Birth, Oil on canvas, 130.5 x 162.5 cm, 1994

The "Reproduction" series of art follows the style of the "Graceful Scenery" series, with the exception that the human element begins to replace the purely scenic landscapes. He adds indoor furniture and fittings in his works, and yet adding a touch of reality in the world, such as "Birth", his masterpiece in this period.

Coffee House, Oil and Acrylic on canvas, 91 x 116.5 cm, 1995

In 1995, the "Coffee House Meditation" series represents another turning point in Lee Kuen-Lin's artistic style. This new style reverted back to his original colorful image style, the symbolic shapes of which easily remind us of Miro's surrealistic world. That is, such artistic creations are highly personal and secretive. During this period, Lee Kuen-Lin seemed rather content to retreat to his studio, and happily created a world of his own which reflected the crazy topics in life.


Between 1996 and 1997, Lee Kuen-Lin attempted to work on some installation art. This attempt was undoubted, of great importance in Lee Kuen-Lin's artistic life. It seems like these installation arts helped open up a communication channel to the outside world, connecting Lee Kuen-Lin to artists of the same era.

Thirteen Belief Make-up, Mixed media, 185 x 930 cm, 1996

However, the most important meaning of Lee Kuen-Lin's transition from flat paintings to installation art lies in the establishment of clearer language and thoughts of him. Some people believe that the change in materials/media also changes the form of the art language, and therefore, the description of the content/thinking is also altered. This does not apply to Lee Kuen-Lin.

Metamorphosis, Mixed media, Railroad warehouse, Chiayi, 2000

Lee Kuen-Lin's installation art, keeping his painting's theme of sexual reproduction, continued to grow in numbers during that period. He does not present the story in a thoughtful manner, but rather in a free manner so as to bring out the desire of inner life. It seems that Lee Kuen-Lin continued to receive great satisfaction and achievement from this same process, as seen in his work "Unidirectional Description of Bud and Pupa" (2000) and "Metamorphosis" (2000).


With his continuous involvement in installation arts, many of the previously "ambiguous" and "chaotic" elements from his paintings became clearer, and at the same time, still retained the significant personal characteristics of his style, as seen in the 2001's "Imprinting" series.

It's a Couple, Acrylic on canvas, 180 X 96 cm, 2001

It's Me, Acrylic on canvas, 155 x 67, 2001

This series seemed to have added new interesting elements, such as rubber engraving work, which is actually done by cloth acrylic in the media material. These simple, yet determined brush strokes gave a rather powerful statement. Instead of showing the uncertainty of the artist's inner side, it added more hints of the real world. His work in this period included: "A Walk in the Forest which has encountered...", "A Man and a Woman", "It's a Dog", "It's a Couple", "Image of Fish", and "Flowers in a Garden", all of which were from the year 2001. There were still elements of organic reproduction code, and yet a touch of free, humorous, and sarcastic spirit was added.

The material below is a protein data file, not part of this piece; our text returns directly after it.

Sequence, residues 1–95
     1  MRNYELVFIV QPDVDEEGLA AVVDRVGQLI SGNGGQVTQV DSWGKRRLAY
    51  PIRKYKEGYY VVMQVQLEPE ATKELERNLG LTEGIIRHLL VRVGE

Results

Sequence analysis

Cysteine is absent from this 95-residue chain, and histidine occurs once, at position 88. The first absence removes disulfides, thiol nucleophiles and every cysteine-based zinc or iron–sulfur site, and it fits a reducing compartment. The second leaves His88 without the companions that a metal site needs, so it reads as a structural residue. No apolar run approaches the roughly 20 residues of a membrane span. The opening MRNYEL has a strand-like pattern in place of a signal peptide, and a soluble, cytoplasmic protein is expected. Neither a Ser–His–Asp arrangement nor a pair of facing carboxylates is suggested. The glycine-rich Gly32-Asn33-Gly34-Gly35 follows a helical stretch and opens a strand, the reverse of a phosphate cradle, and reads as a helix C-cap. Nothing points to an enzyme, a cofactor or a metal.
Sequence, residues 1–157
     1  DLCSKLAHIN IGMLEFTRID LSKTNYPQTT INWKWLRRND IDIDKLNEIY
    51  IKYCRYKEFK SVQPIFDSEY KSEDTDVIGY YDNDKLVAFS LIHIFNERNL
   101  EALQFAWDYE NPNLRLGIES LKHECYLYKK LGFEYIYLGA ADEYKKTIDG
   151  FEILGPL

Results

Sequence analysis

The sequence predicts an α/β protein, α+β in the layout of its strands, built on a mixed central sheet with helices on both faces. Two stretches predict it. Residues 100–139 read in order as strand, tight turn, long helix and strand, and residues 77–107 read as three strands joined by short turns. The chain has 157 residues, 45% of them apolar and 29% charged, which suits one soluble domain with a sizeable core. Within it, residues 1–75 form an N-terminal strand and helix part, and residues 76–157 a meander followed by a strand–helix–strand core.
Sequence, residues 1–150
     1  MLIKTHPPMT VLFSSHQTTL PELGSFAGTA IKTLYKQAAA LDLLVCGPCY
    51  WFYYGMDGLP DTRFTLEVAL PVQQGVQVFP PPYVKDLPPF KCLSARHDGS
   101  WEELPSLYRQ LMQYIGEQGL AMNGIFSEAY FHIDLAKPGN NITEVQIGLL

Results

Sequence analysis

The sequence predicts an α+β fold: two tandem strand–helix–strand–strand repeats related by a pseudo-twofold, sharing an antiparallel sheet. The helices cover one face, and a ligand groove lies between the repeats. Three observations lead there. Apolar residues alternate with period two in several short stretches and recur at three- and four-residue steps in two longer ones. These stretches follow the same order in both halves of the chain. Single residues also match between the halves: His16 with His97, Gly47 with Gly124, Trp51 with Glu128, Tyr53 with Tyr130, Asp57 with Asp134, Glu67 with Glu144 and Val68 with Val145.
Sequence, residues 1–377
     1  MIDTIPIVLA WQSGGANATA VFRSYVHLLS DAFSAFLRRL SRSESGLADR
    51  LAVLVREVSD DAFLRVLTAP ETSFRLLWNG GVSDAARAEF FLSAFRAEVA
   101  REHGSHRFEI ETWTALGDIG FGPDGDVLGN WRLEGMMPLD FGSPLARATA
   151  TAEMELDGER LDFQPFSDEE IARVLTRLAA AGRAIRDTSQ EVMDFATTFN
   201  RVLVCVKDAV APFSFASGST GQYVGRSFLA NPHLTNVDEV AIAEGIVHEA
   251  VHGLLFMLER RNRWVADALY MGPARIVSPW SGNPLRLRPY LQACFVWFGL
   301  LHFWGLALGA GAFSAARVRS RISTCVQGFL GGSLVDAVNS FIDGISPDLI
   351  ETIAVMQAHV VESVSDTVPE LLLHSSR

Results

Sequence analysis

Immediately after this series, Lee Kuen-Lin started to show a seemly more relaxed art style, reflected in his "Parallel Flying Clouds" series. He bode farewell to the melancholy moments and entered a mindset of mid-life understanding. With a style similar to a Chinese landscape painting, Lee Kuen-Lin began to step out of the inner universe of individualism, and into a broader outer universe. Paintings of this period were no longer depressed and autistic. They were instead, composed of more self-confidence and maturity. "Round Trip" (2002), "Wind Blowing over Wu Mountain" (2002), "Above Clouds" (2002), were all like poems based on immortal content. Other works such as "Telling Stories by Mountains" (2002), "Clouds over Wu Mountain" (2002), and "Encountering the Sun" (2002) clearly show the increased thickness and accumulation of a myth continued from "The Roland Documentary" (2001), and "Record of Jian Mountain" (2001).

Parallel Flying Clouds I, Acrylic on canvas, 145 x 81 cm, 2002

From 2001 to 2004, Lee Kuen-Lin’s artistic life peaked. His work during this period presented certain forms of change and always burst with a gust of strong vitality. In terms of technique, there was always a glimpse into Western masters such as Picasso, however, there were also Chinese brush lines and unities of soul materials. His scenery reflected his heart, as shown in his works of 2003: "Pea and Trumpet", "Knight and Wooden Horse", "Marching Knight", "Red Threads", "Yarn Ball Handed over to Postman", and "Harmonica Playing". This series of works, via different line colors, repeated overlapping strokes, and presented a surreal sculptural form that skillfully combined abstract expressionism and geometric structures in one, should be considered the most important representative and masterpieces of Lee Kuen-Lin’s works.